How to Build a Network of Support

By Amy René, LCSW | April 6, 2022

How to Build a Network of Support

By Amy René, LCSW

 “The more healthy relationships a child has, the more likely they will be to recover from trauma and thrive. Relationships are the agents of change and the most powerful therapy is human love.” -Bruce D. Perry, M.D., PhD

Everyone craves support and has a desire for meaningful relationships. Dr. Perry’s quote suggests that to be able to change, you must have relationships in your life.  During crisis periods, it becomes evident who is a part of our support system and who is not. In the field of social and mental health services, we spend a lot of time ensuring that clients and their families have a rich and diverse support system.

One of my favorite Dialectical Behavior Therapy (DBT) skills is the Contributing Skill.  The act of helping others has many ways of improving an individual’s emotions.  In fact, we coach our clients to use this skill to distance themselves from crisis emotions. A secondary benefit to this skill is that it grows your natural support system by being of help to others.  When you are suffering and in pain it is sometimes helpful to step outside of your own pain and contribute to different organizations, church groups, or a civic organization.  You can always find someone who is suffering more than you are, and finding ways to be of service has the potential to improve your own mental health.  

We often see people find deep meaning and connection when helping others.  By contributing we can refocus our attention on others and show compassion, which in turn helps our own self-compassion grow.  Building and engaging a support system does not happen overnight. We now know that having a network can help improve overall health, well being and mental health.  With any new behavior or goal, we have to work at it and prioritize growing a support network.  You also have to be willing to stretch your limits and grow outside of your comfort zones; it may not come natural to you to talk to new people. If all else fails, be willing to also seek more formal support, such as a therapist or life coach to work towards your goal of having a support network.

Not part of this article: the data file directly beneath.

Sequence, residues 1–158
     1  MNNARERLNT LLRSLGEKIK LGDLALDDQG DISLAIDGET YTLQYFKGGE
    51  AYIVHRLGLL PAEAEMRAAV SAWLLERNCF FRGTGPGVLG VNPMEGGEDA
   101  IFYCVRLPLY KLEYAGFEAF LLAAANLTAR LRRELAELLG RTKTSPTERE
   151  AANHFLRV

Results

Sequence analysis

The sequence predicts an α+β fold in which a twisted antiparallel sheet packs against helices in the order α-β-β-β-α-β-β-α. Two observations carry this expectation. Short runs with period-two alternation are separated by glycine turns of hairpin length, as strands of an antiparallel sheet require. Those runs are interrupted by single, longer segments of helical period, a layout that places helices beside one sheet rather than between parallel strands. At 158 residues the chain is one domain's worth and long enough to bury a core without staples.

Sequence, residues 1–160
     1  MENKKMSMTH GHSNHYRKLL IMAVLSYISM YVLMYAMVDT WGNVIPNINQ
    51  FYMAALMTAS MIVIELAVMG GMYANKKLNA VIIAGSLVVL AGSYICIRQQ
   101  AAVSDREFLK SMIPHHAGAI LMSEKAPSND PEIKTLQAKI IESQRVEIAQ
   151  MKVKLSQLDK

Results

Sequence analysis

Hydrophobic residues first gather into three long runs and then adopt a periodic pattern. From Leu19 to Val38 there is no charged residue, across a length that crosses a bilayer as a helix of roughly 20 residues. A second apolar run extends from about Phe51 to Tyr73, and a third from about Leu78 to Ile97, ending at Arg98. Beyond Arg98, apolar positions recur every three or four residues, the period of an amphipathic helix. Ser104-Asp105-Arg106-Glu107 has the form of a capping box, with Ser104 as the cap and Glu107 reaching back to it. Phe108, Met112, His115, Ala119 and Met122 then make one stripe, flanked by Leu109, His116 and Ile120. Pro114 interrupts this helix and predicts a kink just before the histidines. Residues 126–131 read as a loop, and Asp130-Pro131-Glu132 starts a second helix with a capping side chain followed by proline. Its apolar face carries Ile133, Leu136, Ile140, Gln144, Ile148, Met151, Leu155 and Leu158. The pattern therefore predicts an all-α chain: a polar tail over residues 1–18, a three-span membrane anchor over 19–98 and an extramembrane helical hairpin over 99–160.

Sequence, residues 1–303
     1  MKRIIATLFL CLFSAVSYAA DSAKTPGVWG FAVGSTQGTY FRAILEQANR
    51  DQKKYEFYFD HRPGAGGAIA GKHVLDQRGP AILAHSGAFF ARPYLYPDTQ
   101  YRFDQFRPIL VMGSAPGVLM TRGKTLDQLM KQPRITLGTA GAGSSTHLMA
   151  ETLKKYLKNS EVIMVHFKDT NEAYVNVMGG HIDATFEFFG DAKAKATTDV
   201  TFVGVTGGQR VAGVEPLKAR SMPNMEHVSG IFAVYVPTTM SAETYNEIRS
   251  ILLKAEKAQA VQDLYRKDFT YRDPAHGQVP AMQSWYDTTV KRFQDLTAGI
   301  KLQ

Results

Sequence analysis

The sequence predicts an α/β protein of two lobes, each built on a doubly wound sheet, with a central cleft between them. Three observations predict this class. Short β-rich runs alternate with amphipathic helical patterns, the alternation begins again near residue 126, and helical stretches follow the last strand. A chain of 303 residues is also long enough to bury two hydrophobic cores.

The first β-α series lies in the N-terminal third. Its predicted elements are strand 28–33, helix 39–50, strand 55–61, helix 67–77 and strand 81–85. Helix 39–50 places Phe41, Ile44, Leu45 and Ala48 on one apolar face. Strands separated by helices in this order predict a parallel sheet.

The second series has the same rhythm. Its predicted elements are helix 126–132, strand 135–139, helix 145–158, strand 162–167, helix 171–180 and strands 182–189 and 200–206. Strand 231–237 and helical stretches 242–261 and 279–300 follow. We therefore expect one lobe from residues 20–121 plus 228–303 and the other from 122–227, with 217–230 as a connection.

The following organizations are great places to go to get connected to your community:

Artistic Organizations: choral, theatrical, writing

Church Groups: Service, Prayer, Stewardship, Acolytes

Civic Events: Fourth of July celebration, Art Fair, Festivals

Community Support Groups: Friends of the Library, Book Clubs

Ethnic Associations: Sons of Norway, Black Heritage Club

Health & Fitness Groups: Aerobics, Dancing, Sports, Yoga

Interest Clubs: Poodle Owners, Antique Car Owners

Men’s Groups: Cultural, Political, Educational

Mentoring Groups: Next Level Boys Academy

School Groups: PTA, PTO

Social Cause Groups: Peace, Rights, Advocacy, Service

Youth Groups: 4H, Scouts, YWCA/YMCA, Future Farmers of America, Girls on the Run


  • Hillside Vice President of Clinical Programs - In her new role, Amy will lead the clinical services teams in Residential, Outpatient, Day Treatment, and the Community Intervention Program. Amy’s twenty-eight years of in-depth and varied social work experience, her exceptional leadership skills, and her passion and drive for improving the lives of children and families will help Hillside continue to live into its mission and purpose. Amy and her husband Ray live in North Atlanta with their eleven-year-old daughter, Elza. She has a cat named Pumpkin and dog named Peppermint.

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